Reality Check on the Idea, the Product, and the Market
This is a draft essay work now available in public format as it seeks input. This is a preview in a public format aiming extended collaboration. Jump this section as it will be removed.
This is a draft essay which is now public as it seeks improvements. Featuring and inspired by ideas from Michael Dearing, Silicon Valley investor, lecturer, and entrepreneur.
From an idea to the product, and towards market innovation, there is a gap that can be huge. This gap is beautifully depicted by historian Maury Klein in the passage of John Fitch, an American known for successfully inventing the passenger’s boat; when he finally achieves the milestone of launching Perseverance, a 60-foot steam boat put at service in the Delaware river in the summer of 1790.
“Fitch advertised the service heavily and the boat performed admirably — going five hundred miles before suffering mechanical problems — but the passengers did not come. In desperation the partners offered free food and drinks on board, but every voyage continued to lose money. What had proven to be technological triumph turned out to be a commercial failure, and the service was abandoned after that first summer. His investors backed away, and Fitch eventually found himself nearly penniless once again. “ — Maury Klein, The Power Makers, Steam, Electricity, and the Men Who Invented Modern America
The good news is that Finch have impacted history and was successfully credited as one of the inventors of the steamboat. However, he aimed to develop the commercially successful steamboat, a service credited to another entrepreneur, Robert Fulton.
In case you are interested in this history, you will see that Robert Fulton was a bit less inventor and more assembler. Working with his cofounders, his goal seemed more towards launching the service and not inventing a boat. You will also notice the difference in age, about two decades and range of about 15 years from the launch of Fitch in contrast with the launch of Fulton.
While productizing an idea is driven by certain elements, such as feasibility, insight, vision, and more; it won’t necessarily mean your target customer is ready to accept the proposed version. And even if they are, it does not necessarily mean that all the forces in the future will favor your product to enter and sustain itself in the market.
For Michael Dearing, lecturer and investor at Harrison Metal, founders should evaluate themselves and understand the differences between coming up with an insight, developing a product, and developing a whole business:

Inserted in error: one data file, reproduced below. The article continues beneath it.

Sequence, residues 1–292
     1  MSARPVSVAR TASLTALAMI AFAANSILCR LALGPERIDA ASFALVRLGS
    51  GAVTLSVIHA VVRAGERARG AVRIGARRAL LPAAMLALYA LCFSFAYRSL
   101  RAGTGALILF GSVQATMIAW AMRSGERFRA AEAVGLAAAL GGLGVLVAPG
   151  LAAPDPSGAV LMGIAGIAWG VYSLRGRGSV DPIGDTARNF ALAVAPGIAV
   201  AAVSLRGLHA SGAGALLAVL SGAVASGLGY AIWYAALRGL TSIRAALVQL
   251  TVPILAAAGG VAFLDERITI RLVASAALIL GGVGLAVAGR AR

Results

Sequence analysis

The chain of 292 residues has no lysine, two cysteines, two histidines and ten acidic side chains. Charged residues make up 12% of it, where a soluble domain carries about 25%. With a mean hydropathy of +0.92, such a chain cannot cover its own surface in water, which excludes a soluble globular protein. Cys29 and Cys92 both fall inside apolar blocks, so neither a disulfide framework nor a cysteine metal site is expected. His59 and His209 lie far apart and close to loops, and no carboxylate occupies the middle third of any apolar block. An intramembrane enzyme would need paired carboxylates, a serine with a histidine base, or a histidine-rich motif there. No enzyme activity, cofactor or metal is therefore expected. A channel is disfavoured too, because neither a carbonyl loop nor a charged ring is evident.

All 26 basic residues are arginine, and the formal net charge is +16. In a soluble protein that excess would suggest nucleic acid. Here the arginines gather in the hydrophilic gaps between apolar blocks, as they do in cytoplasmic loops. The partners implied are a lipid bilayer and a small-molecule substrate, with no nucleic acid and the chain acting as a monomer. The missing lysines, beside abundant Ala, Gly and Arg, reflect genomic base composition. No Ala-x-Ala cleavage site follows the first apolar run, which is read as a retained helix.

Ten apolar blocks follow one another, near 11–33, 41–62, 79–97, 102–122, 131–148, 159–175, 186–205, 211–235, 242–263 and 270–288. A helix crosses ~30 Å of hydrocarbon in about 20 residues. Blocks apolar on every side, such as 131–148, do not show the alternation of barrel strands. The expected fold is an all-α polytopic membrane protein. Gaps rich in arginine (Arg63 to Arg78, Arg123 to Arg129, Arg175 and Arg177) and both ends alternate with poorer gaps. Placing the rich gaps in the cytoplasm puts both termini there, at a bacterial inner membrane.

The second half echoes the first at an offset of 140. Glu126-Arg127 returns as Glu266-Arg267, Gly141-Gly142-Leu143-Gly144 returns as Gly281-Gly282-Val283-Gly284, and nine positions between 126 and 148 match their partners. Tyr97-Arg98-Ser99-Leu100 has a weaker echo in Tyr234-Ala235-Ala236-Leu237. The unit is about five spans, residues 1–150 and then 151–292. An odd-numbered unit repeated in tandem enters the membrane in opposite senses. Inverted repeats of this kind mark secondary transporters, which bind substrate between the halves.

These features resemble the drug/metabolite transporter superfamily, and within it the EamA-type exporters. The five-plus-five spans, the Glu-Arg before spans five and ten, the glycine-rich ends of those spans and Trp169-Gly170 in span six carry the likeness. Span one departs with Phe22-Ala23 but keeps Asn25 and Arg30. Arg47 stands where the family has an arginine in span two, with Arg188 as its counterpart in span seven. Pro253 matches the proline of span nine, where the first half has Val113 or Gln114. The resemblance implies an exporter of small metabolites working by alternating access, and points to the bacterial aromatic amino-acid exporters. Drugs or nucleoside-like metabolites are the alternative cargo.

First you have to have an insight, a technical insight. Second you have to turn that insight into a product, and third you have to, hopefully God willing, turn that product into a business.
Those are about as different sets of pursuits with very little in common with each other. And so if you energized by the idea of coming up with a technical insight and then moving to productization and then moving to the business building phase, that journey will be satisfying and exciting to you.
The reality check is difficult, specifically for highly passionate entrepreneurs, as they can well be in love with their own stories or if they are in the middle of the battle.
If you find yourself totally in love with the technical insight manufacturing process, that is a real problem. And then you end up having science projects, not companies. If you find yourself endlessly prototyping and tinkering with the product without regard to the business economics, then that’s a warning flag as well. (Michael Dearing, Greylock Partners, October 2015, 47:47)
Entrepreneurs need to improve awareness, for the modes of operations needed at all stages, and the rules for moving among stages.
I think you have to be energized. In today’s market where the expectation is that if you’re onto something, you’re not just moving from these stages, you are screaming across those stages.
You have to be willing, in the earliest days, to see yourself as — okay we’re in technical insight mode, in a month we’re gonna be productizing, we’re gonna be worried about business economics shortly thereafter. (Michael Dearing, Greylock Partners, October 2015, 47:08)
For Brian Chesky, Airbnb cofounder, “every six months is a totally different job”. Combining Brian and Michael is like saying that the story needs an arc: From idea, to the product, then to the market; at the same time the protagonists need to be aware of the rules of engagement amidst the battles going on.
Indeed these are opinions that applies “when you are onto something” as noted by Michael Dearing. However, the same arc-story can be also a metric for validating the heartbeat for your story: Do you see your team constantly looking at these different battles? And even more, as you create friction into the world, do others stop what they are doing or react to the tiny little movements from your business?
Klein Maury. (2008). The Power Makers: Steam, Electricity, and the Men Who Invented Modern America. Bloomsbury Press.
I hope this writing can give you an opportunity for reflection, about entrepreneurship and learning. In case you like or dislike, please support via smiling, subscribing, claps, commenting, visiting the Startup Check-in Home, or writing to me at mgalli at mgalli dot com.